Picture water droplets

Developing mathematical theories of the physical world: Open Access research on fluid dynamics from Strathclyde

Strathprints makes available Open Access scholarly outputs by Strathclyde's Department of Mathematics & Statistics, where continuum mechanics and industrial mathematics is a specialism. Such research seeks to understand fluid dynamics, among many other related areas such as liquid crystals and droplet evaporation.

The Department of Mathematics & Statistics also demonstrates expertise in population modelling & epidemiology, stochastic analysis, applied analysis and scientific computing. Access world leading mathematical and statistical Open Access research!

Explore all Strathclyde Open Access research...

Exploring user perceptions of authentication scheme security

Nosseir, A. and Terzis, Sortirios (2013) Exploring user perceptions of authentication scheme security. In: Symposium on Usable Privacy and Security, 2013-07-24 - 2013-07-26, Northumbria University.

PDF (Nosseir-Terzis-SOUPS2013-user-perceptions-of-authentication-scheme-security)
Accepted Author Manuscript

Download (160kB) | Preview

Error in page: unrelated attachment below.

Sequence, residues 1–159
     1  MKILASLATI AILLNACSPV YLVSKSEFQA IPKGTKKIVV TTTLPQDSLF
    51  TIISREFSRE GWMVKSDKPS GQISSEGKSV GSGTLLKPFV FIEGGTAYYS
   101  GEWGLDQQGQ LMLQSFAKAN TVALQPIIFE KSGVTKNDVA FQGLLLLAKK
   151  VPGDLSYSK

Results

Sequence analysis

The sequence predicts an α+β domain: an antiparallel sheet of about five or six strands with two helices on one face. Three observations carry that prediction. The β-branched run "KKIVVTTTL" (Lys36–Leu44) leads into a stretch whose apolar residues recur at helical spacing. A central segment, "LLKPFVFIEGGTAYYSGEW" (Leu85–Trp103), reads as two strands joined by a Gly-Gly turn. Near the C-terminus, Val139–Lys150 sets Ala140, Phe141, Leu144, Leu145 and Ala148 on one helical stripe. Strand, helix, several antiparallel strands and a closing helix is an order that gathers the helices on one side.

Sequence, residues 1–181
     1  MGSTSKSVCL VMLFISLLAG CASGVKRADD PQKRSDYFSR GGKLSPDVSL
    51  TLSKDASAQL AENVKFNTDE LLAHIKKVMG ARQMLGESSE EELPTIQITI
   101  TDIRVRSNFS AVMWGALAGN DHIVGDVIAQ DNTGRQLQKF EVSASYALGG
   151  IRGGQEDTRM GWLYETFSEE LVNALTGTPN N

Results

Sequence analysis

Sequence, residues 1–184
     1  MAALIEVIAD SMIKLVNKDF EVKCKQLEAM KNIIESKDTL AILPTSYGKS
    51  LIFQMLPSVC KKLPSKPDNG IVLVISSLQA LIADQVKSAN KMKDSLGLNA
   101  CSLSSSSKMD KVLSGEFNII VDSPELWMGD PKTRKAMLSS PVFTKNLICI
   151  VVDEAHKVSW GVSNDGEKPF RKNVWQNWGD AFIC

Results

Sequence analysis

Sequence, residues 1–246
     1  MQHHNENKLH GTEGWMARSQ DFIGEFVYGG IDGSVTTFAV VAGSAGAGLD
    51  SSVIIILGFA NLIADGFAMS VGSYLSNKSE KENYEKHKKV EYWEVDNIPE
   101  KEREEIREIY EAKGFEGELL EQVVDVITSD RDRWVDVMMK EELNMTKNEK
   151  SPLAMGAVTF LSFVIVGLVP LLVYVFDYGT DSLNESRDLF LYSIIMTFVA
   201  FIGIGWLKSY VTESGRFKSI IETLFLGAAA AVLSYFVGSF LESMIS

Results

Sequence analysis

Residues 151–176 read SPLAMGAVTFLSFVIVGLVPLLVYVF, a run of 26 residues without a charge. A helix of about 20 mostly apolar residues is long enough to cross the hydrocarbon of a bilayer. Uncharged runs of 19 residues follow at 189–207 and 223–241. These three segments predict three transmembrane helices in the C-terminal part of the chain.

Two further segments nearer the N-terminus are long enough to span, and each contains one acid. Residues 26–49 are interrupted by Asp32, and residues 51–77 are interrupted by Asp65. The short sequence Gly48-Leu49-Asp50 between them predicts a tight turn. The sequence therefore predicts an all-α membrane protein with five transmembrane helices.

Despite researchers' efforts authentication remains a challenge, as demonstrated by the prevalent use of passwords in spite of their usability and security problems. Although alternatives have been suggested addressing these problems, they have failed to gain wide acceptance. It is now recognized that a more comprehensive investigation of authentication schemes is necessary to address the challenge. Research has shown that end-user perceptions and attitudes play a major role in the acceptance of new technologies. However, they have received limited attention in the context of authentication. Studies suggest that authentication schemes are distinct enough to require consideration of a different set of factors, like the perception of their security. They have also shown that the relationship between perceived security and acceptance is not linear, i.e. up to a certain level of security increases the acceptability of a scheme, but beyond that higher levels of security undermine it. As a higher level of security typically requires increased user effort, it would seem that a scheme that is perceived too easy to use may not be acceptable by users. From the above, it is clear that studying the perception of their security is an important aspect of a comprehensive investigation of authentication schemes. In this context, we conducted a first study of how users perceive the security of five authentication schemes.